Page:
Words matter

“It’s the day after the night before.” What the hell does that mean? Good question. It’s what I asked after I heard that line—the first sentence in the lead story of a local, northern Ontario newscast. My father’s response, “It’s local news; what do you expect?” Well, I expect more.

I’ll admit that my years of news writing and teaching have made me slightly obsessive about the importance of clarity when telling a story. Especially in broadcast writing, when there is so little time to begin with, throw away lines like the one I quoted above are an outrage. However, it seems the more concerned I become with the spoken and written word, the less the rest of the universe seems to care.

The same weekend I watched that newscast, I marked multiple papers in which students “defiantly” liked the book they read for an assignment. I defiantly suggest that “spell check” is definitely no replacement for proof reading.

Aside from the fact you might be marked for your use of grammar, or listeners in a newscast may be distracted by a cryptic line and miss the importance of the story, no one will know what you really mean if you don’t express yourself properly.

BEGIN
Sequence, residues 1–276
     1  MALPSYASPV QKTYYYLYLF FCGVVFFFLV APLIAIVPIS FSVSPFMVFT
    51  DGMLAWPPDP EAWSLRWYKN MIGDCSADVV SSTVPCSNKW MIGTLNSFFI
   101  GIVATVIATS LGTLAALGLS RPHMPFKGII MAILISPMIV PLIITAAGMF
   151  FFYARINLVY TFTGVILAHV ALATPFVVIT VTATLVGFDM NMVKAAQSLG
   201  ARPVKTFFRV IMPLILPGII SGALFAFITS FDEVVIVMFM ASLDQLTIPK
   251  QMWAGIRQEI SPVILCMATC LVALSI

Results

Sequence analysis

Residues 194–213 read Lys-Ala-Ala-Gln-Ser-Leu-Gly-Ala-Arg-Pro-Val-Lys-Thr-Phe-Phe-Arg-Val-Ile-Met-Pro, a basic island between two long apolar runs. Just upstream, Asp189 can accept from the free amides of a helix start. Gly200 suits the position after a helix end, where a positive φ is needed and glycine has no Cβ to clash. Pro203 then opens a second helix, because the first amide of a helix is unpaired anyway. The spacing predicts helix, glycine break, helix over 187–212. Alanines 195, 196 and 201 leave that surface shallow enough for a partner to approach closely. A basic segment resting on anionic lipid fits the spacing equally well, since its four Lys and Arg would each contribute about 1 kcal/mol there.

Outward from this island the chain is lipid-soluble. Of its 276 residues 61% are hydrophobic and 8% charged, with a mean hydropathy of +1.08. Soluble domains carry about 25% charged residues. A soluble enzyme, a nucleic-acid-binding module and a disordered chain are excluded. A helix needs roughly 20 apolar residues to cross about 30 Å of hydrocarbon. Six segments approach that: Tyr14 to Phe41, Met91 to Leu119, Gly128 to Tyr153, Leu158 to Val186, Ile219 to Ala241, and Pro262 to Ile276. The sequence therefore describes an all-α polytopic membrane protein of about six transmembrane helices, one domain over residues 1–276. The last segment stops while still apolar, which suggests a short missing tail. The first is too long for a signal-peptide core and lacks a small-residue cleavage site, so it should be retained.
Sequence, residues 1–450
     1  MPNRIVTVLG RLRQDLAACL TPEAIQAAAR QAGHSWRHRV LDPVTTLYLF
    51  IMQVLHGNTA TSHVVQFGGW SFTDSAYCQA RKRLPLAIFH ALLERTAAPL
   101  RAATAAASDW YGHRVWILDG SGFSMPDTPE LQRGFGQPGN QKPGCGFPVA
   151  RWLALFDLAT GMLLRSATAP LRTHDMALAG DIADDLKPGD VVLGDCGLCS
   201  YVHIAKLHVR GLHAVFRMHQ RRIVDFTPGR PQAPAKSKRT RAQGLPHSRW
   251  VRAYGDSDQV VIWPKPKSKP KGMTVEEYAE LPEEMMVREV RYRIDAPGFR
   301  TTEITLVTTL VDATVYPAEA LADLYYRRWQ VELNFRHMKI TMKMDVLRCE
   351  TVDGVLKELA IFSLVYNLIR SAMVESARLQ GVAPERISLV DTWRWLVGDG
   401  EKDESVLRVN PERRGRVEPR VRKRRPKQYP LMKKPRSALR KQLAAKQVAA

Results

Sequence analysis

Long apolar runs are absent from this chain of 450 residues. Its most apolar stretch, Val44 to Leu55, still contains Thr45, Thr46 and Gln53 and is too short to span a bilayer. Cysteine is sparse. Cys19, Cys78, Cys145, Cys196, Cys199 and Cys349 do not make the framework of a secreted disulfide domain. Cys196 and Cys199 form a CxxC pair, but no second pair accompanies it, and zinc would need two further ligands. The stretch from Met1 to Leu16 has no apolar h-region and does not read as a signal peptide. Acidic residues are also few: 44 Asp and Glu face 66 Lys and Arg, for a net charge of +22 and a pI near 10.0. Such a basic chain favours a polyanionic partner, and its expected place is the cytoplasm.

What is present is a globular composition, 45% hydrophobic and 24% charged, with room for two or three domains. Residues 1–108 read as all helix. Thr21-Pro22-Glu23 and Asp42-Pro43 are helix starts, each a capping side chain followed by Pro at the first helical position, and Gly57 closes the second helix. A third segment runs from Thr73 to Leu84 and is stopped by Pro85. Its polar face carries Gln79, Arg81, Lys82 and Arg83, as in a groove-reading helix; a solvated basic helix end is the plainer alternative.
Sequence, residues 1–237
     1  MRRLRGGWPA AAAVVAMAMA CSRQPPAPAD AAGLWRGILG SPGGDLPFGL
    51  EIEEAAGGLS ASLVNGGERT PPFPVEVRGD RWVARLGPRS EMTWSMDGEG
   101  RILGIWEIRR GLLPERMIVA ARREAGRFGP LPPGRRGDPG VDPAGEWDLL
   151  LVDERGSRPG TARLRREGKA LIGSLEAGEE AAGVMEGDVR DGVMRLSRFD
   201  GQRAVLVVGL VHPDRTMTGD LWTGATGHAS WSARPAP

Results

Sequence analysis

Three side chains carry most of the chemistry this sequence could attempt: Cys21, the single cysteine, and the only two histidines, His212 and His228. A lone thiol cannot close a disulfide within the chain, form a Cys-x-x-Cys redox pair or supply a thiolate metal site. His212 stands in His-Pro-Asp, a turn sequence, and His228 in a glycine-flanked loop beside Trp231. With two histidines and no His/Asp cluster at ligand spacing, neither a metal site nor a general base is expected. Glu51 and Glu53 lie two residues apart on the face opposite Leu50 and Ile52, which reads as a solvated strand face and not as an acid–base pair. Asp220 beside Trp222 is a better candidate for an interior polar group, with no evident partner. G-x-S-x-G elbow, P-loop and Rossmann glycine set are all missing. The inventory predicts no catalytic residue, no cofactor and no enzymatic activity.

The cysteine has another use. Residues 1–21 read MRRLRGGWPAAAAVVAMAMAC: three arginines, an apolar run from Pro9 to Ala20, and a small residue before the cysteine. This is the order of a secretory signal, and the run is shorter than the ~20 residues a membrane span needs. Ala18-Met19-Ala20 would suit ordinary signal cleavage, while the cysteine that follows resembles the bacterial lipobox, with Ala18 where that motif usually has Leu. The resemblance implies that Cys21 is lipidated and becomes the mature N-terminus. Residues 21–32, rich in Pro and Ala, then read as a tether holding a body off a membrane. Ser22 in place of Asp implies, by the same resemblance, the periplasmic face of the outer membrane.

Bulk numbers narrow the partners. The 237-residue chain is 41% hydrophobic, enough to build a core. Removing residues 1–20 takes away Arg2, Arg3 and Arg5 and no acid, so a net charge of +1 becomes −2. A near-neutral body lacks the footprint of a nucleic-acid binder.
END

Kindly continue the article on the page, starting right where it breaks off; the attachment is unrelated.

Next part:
Take this magazine cover for example.

Is Rachael Ray a cannibal? Does she enjoy cooking her pets? Lack of punctuation most certainly muddles the message.

In the picture that follows, was it the “woman” or her “girlfriend” who waved at the man dressed like a Snickers bar? There’s no way to tell.

Joking aside, a well-written script or story turns the mundane into the magical; brings home the suffering or jubilation of others; provides context to events that have lasting impact. If you’re working as a journalist you should choose your words carefully, and use them well. If you’re studying to be a journalist you should be practicing your language skills like an artist practicing different strokes with a brush.

Words matter—local newscast or not. And yes, I know that last sentence is grammatically incorrect, but I chose my words carefully and, hopefully, used them well.


One thought on “Words matter

Leave a Reply

Fill in your details below or click an icon to log in:

WordPress.com Logo

You are commenting using your WordPress.com account. Log Out / Change )

Twitter picture

You are commenting using your Twitter account. Log Out / Change )

Facebook photo

You are commenting using your Facebook account. Log Out / Change )

Google+ photo

You are commenting using your Google+ account. Log Out / Change )

Connecting to %s